Most, if not all, freelancers will tell you that they are always on the lookout hoping for really big freelancing clients. We’re talking about the type of client that will guarantee you several months of steady work, making it possible for you to enjoy the type of financial security otherwise found in steady, full-time employment. [Read more…]
Some of those things are incredibly valuable and can provide substantial benefits for a number of people. However, most of the things I really know aren’t interesting to most people. Thus, they’re not what one would usually consider particularly marketable.
Don’t get me wrong–I have what I’d like to consider an exceptionally broad knowledge base. It’s just that the deepest parts of that base don’t involve your standard cocktail party conversation topics.
Until the world evolves to the point where the politics of western movies, MLB utility infielders of the 70s and 80s, a time management-governed perspective on policy debate strategy, meals you can make using cream of just-about-anything soup and assorted other weirdness become hot topics, I’m not the kind of guy who can really write about what he loves while covering the bills.
This is why I don’t specialize in a subject matter niche.
The pros and cons of specializing
I frequently read other writers advocating specialization. Someone did it in response to my last post here at FWJ. I think it’s an outstanding idea–if you’re interested in developing an area of expertise that offers legitimate career opportunities.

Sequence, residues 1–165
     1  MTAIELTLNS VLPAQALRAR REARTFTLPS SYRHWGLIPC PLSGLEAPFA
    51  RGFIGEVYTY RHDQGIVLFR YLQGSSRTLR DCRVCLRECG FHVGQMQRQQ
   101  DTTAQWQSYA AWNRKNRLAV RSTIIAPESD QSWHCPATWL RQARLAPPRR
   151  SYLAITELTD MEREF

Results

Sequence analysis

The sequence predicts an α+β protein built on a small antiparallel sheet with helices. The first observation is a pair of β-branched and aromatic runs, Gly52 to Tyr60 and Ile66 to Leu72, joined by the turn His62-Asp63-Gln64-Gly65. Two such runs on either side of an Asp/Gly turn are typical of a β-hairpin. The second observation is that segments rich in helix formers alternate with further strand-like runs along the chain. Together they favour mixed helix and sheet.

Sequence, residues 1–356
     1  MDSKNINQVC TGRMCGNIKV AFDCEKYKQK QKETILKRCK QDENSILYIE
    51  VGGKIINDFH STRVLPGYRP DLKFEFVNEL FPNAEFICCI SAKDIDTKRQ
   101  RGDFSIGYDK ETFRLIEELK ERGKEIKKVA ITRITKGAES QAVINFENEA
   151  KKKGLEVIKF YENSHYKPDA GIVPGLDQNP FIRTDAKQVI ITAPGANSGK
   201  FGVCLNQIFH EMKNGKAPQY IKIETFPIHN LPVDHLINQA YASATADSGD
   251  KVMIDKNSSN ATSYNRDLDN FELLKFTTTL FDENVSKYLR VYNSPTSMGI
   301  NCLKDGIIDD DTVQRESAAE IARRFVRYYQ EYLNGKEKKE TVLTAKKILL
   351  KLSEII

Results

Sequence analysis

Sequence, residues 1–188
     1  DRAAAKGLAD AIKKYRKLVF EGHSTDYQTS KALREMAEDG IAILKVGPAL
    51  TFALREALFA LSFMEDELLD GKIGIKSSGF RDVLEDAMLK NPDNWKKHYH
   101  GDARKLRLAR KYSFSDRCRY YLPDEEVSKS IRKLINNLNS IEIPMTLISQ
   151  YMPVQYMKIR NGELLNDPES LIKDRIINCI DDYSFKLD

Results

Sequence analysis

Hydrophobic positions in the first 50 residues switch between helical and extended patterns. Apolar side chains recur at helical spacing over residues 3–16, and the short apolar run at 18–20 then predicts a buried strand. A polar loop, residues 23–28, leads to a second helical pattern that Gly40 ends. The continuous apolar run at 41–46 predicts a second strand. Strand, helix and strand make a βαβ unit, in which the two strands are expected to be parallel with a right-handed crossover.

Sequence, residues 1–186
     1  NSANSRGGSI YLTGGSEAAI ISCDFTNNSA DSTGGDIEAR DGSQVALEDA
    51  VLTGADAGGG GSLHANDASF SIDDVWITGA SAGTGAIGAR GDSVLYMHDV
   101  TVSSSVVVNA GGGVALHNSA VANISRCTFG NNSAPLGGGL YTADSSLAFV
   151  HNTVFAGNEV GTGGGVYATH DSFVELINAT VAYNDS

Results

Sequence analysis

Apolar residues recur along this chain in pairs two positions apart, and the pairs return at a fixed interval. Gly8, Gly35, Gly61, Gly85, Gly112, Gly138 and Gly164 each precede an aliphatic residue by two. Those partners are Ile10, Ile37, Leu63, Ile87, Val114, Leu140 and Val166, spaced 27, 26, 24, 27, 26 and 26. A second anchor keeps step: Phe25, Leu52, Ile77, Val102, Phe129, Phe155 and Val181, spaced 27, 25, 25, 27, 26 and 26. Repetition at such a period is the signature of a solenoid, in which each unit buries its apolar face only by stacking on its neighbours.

Some of us aren’t wired that way, though. Our interests are, let’s say, eccentric. And no one has ever indicated an interest in a series of articles about David Lean’s utilization of nature as a character, the world’s greatest tuna casserole or a smarter means of bullpen utilization. Meanwhile, I can’t imagine forcing myself to become a true expert on finance, gardening or auto repair.
Sure, I’ve learned a way to combine traditional budgeting with cash flow analysis to keep things going at home. It’s true that I was the king of gardeners one hot summer in Eudora, KS, harvesting bushels and bushels of giveaway produce. I’ve also breathed life into a dead ’62 Chrysler Imperial and once kept an ’85 Renault Alliance roadworthy with nothing but a cheap set of hand tools, a Chilton’s guide and the lack of an alternative.
In all of those cases, I learned what I wanted to learn to accomplish what I wanted to accomplish. I never felt an urge to master the world of personal finance and to develop and manage my own investment schemes. I have no desire to learn the botanical details of tomato varieties. I like it when we take the HHR to the shop and have them change the oil. At the same time, I’m always interested in learning something about a new topic.
Recognizing this, I embarked on a career as a writer fully cognizant that I would be a generalist, not a specialist.